Review: “Information Architecture: An emerging 21st Century Profession” By Earl Morrogh

This book provides an excellent broad review of the history of information and communications technology, starting with the spoken and written word through to computers, computer networks, and the world-wide web.

Unfortunately, the title of this book gives the impression that there will be an examination of the current state of information architecture with some looking forward to the future of the “emerging profession”. Relatively little of the book is given to discussing IA as a profession, with much more weight going to the historical context. In fairness, the intention of the book is “to introduce the reader to key innovations in the history of communications systems and technologies leading to the information age”. While it is important to know where the profession is emerging from, it is just as important to look at where it is likely to emerge to.

The information architecture of the book

As one might expect, this is a very well researched and referenced book. Likewise the structure is well thought out. The chapters that cover historical aspects follow a regular pattern - first a brief rundown of the history of a particular innovation, then comments on the cultural impact, and finishing with a summary of the impact on information architecture. This makes it very easy to skim through the chapters and dip in at points of interest.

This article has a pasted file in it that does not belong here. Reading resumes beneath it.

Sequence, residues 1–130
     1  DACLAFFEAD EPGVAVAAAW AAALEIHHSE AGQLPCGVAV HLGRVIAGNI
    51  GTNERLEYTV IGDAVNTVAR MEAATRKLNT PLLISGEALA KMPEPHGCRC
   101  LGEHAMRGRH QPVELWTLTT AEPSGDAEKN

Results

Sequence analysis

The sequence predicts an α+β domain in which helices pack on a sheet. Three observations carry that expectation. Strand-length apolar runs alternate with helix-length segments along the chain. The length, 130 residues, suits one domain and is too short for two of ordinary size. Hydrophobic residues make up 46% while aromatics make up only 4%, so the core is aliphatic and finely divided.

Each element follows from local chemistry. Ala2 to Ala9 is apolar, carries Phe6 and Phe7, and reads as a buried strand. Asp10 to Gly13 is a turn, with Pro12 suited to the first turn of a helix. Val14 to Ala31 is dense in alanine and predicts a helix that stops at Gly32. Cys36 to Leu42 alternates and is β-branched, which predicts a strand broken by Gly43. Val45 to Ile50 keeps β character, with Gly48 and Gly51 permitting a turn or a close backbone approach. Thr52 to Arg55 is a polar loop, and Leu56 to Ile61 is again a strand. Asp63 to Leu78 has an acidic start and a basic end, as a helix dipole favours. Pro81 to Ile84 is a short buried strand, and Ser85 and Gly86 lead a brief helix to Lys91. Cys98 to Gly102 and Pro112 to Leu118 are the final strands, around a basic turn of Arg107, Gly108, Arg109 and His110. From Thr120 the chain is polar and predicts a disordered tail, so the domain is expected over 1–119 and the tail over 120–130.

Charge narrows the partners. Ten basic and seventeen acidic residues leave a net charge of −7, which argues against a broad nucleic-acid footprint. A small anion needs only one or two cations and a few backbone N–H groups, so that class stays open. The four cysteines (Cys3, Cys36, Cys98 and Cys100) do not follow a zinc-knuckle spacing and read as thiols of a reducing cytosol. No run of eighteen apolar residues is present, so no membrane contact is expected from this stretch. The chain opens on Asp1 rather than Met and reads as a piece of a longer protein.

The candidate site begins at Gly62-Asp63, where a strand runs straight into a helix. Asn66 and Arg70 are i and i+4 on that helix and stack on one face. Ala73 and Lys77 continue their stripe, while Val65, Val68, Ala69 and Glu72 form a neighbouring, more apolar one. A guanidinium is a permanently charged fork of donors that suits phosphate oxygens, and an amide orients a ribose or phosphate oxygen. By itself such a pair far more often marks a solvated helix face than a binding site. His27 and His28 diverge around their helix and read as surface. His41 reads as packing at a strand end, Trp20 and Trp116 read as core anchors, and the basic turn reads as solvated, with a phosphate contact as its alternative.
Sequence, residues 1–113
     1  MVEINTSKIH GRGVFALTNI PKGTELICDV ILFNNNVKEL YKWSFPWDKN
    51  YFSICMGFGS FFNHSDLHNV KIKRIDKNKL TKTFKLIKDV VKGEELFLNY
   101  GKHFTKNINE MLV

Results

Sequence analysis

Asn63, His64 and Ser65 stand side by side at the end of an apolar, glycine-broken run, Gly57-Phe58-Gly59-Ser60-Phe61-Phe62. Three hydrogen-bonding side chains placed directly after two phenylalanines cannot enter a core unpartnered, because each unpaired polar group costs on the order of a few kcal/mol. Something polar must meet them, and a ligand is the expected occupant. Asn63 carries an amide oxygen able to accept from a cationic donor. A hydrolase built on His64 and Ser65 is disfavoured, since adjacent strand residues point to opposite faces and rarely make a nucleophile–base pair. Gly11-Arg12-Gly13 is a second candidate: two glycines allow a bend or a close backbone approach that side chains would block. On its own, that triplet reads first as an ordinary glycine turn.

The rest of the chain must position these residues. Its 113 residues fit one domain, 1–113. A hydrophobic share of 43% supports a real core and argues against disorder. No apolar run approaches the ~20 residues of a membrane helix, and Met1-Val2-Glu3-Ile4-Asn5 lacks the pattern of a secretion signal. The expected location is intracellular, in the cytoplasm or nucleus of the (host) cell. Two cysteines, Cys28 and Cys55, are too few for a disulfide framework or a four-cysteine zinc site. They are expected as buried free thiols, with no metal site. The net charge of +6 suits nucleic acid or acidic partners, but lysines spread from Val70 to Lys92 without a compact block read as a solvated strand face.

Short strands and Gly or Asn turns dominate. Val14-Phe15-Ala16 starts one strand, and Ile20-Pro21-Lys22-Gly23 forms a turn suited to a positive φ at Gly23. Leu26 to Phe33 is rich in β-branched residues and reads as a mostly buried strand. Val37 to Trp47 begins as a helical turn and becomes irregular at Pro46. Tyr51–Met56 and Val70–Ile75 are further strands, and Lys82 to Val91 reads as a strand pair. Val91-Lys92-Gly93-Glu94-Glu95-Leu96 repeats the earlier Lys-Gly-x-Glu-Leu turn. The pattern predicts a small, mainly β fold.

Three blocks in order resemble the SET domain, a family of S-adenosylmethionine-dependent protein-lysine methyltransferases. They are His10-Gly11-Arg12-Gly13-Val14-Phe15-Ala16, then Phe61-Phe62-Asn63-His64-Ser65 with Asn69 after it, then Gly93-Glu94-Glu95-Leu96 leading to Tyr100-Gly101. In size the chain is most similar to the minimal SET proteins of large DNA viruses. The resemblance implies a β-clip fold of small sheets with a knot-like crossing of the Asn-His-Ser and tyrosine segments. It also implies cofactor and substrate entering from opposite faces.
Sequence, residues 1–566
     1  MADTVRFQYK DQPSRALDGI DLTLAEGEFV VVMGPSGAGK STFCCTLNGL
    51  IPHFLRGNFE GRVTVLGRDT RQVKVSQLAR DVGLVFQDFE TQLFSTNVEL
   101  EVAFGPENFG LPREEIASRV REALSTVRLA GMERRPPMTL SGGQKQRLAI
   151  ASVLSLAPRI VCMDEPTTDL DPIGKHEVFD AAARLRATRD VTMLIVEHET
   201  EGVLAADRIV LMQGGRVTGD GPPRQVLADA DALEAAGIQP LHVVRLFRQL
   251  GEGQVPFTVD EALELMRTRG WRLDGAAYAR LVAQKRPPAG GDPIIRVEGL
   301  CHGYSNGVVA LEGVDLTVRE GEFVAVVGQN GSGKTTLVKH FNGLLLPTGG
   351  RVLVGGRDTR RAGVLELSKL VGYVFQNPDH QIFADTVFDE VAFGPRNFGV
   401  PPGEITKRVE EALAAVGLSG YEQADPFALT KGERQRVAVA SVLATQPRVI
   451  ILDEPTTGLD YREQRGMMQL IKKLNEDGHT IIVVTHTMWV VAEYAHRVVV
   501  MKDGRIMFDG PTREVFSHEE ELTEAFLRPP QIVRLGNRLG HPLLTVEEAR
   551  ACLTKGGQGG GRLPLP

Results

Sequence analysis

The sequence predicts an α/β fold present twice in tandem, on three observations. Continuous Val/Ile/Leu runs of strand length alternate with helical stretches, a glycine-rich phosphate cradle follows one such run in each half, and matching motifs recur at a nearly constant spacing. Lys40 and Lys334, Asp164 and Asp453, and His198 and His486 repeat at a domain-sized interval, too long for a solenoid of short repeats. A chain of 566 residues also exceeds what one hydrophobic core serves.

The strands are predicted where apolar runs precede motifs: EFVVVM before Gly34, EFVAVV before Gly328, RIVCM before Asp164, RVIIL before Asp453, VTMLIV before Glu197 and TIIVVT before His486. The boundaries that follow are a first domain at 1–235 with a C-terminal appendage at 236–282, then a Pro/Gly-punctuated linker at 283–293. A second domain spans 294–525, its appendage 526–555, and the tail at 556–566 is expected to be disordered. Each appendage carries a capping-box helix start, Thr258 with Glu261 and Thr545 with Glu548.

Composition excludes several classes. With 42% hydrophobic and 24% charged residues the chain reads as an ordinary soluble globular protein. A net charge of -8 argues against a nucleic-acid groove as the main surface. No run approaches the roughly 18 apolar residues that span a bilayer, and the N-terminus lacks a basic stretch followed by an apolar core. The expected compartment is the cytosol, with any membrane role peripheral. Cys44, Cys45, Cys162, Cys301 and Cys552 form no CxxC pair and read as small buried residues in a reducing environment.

In chapter 17 the author speaks of “Info Glut” (too much information). Sadly the editors don’t seem to have paid too much attention to the message here, because this book seems overly and unnecessarily cluttered with long marginal comments. Normally this device is used to add value: illuminate a point with a pithy quote, highlight key words, or cite a reference. In this book there are altogether too many pages where the marginal comments fill the entire height of the page. At the ridiculous extreme, on the first page of some chapters (e.g. 19 and 20) the marginal quotes appear to have been too long for the margin for they are given top spot in the main body of the page while the author’s introduction is relegated to the margin.

If there is to be a second edition, the editors should perhaps consider the marginal comment from page 97, which says in part “when individuals are bombarded with more information than they need or can use, attentiveness declines, errors and frustration increase, and productivity suffers” - an apt description of the experience of reading this book. Normally I wouldn’t be so carping about such a relatively trivial matter, but it becomes a central matter in a book about IA - especially one touting IA as a profession in the making.


It’s a shame this book doesn’t quite live up to the promise of its title because the chapter structure and the author’s research make it a good read. But one thing an emerging profession needs is texts that provide core knowledge, texts that become so familiar to the practitioners that they are often referred to by nickname or abbreviation. Sadly I don’t think Morrogh will become one of these but it is a reasonably good addition to the specialist literature.

The verdict?

Recommended for its history of information and communications technology but not for the little it adds to current knowledge of IA as a profession.

Information Architecture: An emerging 21st Century Profession
Earl Morrogh.
Copyright © 2003 Pearson Education, Inc., New Jersey.